What a week! So much happened! Congratulations to Representative Allen Peake of Macon, who fought long and hard to get medical marijuana for the ones who needed it. He never gave up, even when the Governor said “No” to the Bill until the people spoke so loudly that the Governor got the message. Too bad Legislators like Peake are becoming extinct in our State Legislature.
I have spent much time here this year exposing the tomfoolery and skullduggery under the Gold Dome. This week, a prime example of these shady, underhanded antics took place at the eleventh hour. You can bet your booty that much backslapping and high-fiving took place over this one. Nothing gets the adrenalin flowing for a politician than “getting one over” on the other side.
Allow me to explain. There was an innocuous Bill introduced by the Senate, SB 127, waiving the late fees, fines and civil penalties regarding late campaign disclosure filings by some local officials from January 2010 to January 2014. The purpose was to make right a wrong due to the computer system screw-up of the Ethics Commission and their general incompetence. This was a non-controversial Bill sure to pass. By the way, this Bill appears to exonerate our own Monroe County Commissioner Larry Evans and make him eligible for a waiver and/or refunds of fees, fines and penalties.
Then you have House Bill, 891, introduced to limit the early voting days from 21 to 12 and to limit weekend voting hours. Further, local counties must choose between one day of Saturday or Sunday voting, but not both. This Bill did not make it past the cross-over day and appeared dead. Low and behold, the language was added at the last minute by substitute to SB 127, to sneak it through un-noticed and un-debated. This is nothing more than voter suppression of the minority vote. It’s latter day Jim Crow legislation passed by sleight of hand. All of this is done in the name of “just politics.”
Far and away the biggest shocker for liberals and Democrats this week was when the much respected and well known Legislator from Dekalb County, Mary Margaret Oliver, betrayed her Party, her supporters, and the children of our State. It was apparent Governor Deal did not have enough Republican votes to pass his ill-conceived plan to re-segregate our schools and sell them to the highest private bidder. The Democratic Caucus was solid in their stand against protecting our children. Then Mary Margaret Oliver appeared out of nowhere and not only did she vote for Governor Deal’s plan to destroy public education in our State, but she took to the Well of the House and spoke on its behalf. Her reasoning was lame and lacked substance, but her support alone swayed enough of her loyal Democrat colleagues to give Governor Deal the votes he needed. There is enough evidence for a reasonable person to assume there is more to this story than we may know.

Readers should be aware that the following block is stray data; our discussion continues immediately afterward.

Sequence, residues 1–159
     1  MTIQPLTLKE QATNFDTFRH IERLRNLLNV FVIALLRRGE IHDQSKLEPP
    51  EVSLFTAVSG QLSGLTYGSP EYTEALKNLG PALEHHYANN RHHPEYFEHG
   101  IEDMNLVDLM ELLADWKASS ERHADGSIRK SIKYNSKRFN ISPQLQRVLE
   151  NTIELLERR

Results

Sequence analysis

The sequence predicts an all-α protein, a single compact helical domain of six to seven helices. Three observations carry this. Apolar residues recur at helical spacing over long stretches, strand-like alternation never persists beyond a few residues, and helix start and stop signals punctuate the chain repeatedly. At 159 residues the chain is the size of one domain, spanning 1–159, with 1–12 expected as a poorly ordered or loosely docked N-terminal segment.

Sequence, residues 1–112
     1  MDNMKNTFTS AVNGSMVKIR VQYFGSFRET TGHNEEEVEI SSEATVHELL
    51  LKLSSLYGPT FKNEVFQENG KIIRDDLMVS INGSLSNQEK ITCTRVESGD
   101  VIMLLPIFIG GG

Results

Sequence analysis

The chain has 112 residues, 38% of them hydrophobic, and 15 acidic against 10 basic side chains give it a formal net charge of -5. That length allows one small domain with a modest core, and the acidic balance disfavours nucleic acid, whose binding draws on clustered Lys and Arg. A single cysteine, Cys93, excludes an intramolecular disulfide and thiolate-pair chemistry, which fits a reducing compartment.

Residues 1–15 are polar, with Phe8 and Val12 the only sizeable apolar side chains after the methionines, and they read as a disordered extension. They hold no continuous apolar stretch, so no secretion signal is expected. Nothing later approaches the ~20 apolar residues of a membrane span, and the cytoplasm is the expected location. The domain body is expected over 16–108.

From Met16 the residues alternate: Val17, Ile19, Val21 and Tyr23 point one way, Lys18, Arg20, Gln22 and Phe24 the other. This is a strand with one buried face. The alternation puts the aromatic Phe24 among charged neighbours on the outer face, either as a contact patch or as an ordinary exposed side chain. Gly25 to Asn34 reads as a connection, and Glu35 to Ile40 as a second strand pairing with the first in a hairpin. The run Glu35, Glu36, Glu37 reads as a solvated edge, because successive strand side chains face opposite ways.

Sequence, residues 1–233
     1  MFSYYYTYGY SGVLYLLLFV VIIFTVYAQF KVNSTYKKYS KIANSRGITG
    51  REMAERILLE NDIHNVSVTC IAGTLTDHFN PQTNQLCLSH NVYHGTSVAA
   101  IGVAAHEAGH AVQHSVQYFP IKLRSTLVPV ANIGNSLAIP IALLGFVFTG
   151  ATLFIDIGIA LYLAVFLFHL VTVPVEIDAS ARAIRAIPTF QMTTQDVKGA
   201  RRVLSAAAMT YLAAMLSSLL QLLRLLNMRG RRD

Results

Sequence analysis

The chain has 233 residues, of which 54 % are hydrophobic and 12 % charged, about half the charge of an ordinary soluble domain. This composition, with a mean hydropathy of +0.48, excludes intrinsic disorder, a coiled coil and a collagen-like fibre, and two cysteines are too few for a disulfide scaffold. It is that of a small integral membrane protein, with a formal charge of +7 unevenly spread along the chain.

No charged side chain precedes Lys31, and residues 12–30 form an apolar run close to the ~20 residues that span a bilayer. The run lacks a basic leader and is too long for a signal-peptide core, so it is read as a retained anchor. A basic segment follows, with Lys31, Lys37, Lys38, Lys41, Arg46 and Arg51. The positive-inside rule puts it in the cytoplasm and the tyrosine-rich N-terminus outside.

I have an explanation for Mary Margaret Oliver’s abrupt turn-around. These are not my words. In fact, these are the words of a Republican member of the State Legislature, David Stover, (R-Newnan). This partial transcript is as printed in the AJC.
Representative Stover stated:
“I’m here today to refute the theory of the divine right of a single authoritarian branch of government. So many times here in the capital we forget that we’re elected to serve those that elected us to these positions. In fact we’re pressured to have only one branch of government. Somehow we have lost our way in the legislative process.
The executive drives every decision under the Gold Dome. We worry what will happen if we vote against the governor’s bill or the lieutenant governor’s bill. The answer is quite simply, punish those who disagree with these bills. Gone are the days of passing bills and overriding the governor’s veto. Gone are the days of telling the Governor,’I appreciate what you’re trying to accomplish, we want to work on these bills and make them better to pass the bill.’
Instead we’ve replaced our branches of government with a single branch. The legislative process works to pass the governor’s bill, no matter how good or bad the bill. … The right of conscience is paramount to voting our principles.”